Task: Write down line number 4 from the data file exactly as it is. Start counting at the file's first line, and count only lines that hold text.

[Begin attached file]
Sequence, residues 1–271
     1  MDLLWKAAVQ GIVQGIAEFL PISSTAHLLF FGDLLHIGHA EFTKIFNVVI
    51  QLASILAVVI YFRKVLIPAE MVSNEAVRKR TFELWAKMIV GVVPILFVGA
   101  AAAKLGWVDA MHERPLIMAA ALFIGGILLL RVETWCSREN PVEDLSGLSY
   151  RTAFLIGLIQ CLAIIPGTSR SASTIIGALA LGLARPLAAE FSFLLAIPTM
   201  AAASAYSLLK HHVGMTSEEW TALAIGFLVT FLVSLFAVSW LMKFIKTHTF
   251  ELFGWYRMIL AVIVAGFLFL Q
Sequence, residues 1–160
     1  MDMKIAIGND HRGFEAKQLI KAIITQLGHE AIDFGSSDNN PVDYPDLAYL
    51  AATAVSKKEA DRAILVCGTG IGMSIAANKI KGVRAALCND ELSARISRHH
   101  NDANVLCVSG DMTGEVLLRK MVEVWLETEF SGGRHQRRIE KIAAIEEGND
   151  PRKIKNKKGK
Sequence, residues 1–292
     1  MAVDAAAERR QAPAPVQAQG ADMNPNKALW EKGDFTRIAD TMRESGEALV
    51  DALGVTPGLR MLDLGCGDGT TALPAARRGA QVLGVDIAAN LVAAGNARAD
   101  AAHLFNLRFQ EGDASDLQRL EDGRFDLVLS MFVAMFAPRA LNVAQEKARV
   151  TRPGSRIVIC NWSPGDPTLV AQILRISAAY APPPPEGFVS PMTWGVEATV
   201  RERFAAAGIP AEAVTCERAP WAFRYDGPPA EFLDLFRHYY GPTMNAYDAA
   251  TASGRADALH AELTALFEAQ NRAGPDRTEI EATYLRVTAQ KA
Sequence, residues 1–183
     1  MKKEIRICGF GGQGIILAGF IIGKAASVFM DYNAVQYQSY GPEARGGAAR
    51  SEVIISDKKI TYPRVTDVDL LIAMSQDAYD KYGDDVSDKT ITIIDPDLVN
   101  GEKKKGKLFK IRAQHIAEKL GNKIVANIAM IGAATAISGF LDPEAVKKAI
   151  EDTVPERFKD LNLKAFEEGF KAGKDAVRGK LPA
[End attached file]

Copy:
   101  AAAKLGWVDA MHERPLIMAA ALFIGGILLL RVETWCSREN PVEDLSGLSY